One of my least favorite things about running on a treadmill is all the clock-watching I can’t help but do. I’m good for maybe the first 15 minutes or so, but then I have to play mental games with myself to force my eyes not to stare at the seconds ticking by ever so slowly. Things like: “Okay, you can’t look at the time until the commercial break. No! Don’t look! Ugh, you looked. I could have sworn I’ve been on here longer than 15:30.”

Sort of like that.

My experience on the treadmill desk couldn’t have been more opposite. Maybe it’s my stellar ability to focus on work, distractions be damned, but I found that working was the perfect distraction for the physical output. The first day I hopped on, laptop fired up, I walked an hour like that. I remember looking down being surprised that 53 minutes had already elapsed and that I already had a few miles under my belt. Talk about multitasking.

You Will Be the Office Spectacle—At Least At First

Before the treadmill desk arrived at Philly Mag, I thought it wise to warn my coworkers. I envisioned it showing up one day and, without having told anyone, spending an entire work week having to explain the machine, why it was here, and what it was for. I mean, I like my coworkers well enough and will shoot the breeze with the best of them, but I could foresee this little dance of explanation getting a tad exhausting. Not to mention, I figured I wouldn’t get a lick of work done with all the questions.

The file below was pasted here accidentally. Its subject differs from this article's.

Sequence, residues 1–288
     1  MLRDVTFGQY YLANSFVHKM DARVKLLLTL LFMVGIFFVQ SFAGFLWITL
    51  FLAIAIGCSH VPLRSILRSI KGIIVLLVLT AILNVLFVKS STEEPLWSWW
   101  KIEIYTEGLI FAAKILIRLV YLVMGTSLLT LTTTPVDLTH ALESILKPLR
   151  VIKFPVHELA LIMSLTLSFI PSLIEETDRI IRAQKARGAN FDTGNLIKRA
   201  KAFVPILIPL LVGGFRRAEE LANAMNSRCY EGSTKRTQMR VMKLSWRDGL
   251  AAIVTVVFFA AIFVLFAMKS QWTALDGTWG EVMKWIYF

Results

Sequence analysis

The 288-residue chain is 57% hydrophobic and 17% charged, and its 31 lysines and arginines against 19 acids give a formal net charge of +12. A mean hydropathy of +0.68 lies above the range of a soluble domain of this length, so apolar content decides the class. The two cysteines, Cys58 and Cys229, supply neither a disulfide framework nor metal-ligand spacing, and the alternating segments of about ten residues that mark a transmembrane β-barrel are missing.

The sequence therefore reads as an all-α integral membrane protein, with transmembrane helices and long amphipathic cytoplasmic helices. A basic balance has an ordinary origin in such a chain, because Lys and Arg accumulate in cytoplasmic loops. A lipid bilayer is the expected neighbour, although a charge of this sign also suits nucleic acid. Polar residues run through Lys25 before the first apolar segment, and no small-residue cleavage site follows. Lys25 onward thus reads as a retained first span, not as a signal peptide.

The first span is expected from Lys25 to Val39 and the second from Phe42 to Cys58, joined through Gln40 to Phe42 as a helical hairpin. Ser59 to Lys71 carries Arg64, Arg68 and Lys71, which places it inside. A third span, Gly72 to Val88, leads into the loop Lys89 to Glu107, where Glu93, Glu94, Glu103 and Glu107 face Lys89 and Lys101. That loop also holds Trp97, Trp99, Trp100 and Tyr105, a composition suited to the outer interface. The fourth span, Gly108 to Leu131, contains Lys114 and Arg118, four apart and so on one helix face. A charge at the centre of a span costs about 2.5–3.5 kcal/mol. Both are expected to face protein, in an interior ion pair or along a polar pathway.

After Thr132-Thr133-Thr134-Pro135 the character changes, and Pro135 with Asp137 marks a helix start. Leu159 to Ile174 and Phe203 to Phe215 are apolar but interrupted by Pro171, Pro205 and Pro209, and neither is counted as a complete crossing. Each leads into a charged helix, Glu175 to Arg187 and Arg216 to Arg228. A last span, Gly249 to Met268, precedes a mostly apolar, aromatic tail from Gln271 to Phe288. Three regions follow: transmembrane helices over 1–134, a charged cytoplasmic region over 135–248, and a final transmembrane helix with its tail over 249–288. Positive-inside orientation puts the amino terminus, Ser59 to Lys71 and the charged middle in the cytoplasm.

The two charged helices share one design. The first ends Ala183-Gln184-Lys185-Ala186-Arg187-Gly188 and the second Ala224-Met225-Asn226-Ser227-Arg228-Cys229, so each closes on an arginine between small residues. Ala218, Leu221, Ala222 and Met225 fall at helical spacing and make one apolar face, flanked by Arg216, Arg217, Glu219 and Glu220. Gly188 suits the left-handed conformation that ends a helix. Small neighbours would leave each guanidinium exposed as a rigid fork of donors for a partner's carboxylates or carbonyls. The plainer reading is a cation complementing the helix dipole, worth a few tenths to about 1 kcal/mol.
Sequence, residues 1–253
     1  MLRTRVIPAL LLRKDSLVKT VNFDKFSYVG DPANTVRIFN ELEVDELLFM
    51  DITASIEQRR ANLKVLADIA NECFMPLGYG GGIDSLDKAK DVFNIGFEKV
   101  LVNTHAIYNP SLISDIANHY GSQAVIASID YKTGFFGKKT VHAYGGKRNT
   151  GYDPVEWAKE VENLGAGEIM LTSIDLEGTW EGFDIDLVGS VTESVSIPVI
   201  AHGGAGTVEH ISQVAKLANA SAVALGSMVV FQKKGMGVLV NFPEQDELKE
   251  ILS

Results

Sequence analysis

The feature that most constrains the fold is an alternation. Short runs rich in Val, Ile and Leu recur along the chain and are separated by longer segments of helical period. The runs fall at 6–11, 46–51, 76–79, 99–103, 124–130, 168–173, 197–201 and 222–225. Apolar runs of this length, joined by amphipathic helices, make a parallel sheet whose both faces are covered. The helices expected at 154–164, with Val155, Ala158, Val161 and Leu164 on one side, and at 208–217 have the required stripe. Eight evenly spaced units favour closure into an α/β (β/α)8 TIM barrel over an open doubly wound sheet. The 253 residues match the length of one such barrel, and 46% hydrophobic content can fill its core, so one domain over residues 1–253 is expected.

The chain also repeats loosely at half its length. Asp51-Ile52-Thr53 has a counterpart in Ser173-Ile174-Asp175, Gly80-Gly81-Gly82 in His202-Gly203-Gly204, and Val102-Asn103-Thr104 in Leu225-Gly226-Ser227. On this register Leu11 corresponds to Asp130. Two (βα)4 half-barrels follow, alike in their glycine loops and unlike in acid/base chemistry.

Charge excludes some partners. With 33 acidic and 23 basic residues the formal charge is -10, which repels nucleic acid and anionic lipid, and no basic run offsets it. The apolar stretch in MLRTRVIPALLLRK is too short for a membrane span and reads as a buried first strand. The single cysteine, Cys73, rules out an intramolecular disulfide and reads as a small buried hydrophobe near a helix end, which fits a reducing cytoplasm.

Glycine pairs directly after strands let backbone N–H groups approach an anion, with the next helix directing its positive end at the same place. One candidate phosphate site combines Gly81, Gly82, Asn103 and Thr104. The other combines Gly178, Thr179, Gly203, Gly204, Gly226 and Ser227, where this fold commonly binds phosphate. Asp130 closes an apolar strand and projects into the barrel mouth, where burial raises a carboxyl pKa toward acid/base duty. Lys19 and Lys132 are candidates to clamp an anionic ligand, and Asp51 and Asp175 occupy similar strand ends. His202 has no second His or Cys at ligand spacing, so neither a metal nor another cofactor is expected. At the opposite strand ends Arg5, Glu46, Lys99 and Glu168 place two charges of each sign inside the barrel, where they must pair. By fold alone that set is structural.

So I emailed everyone a few days before the thing arrived to give them a heads up and invite them to hop on it whenever they felt like using it. Unfortunately, this did nothing to assuage the questions. Eventually I got my spiel down pretty well and was able to rattle off answers to the whys and whens and hows pretty efficiently, but still …

The good news is, the novelty wore off in about a week, and now we’re back to business as usual, even if there’s a giant treadmill in the corner; we’ve all learned to ignore it. But should you get one of these things and you’re more of the office-hermit type, consider yourself warned.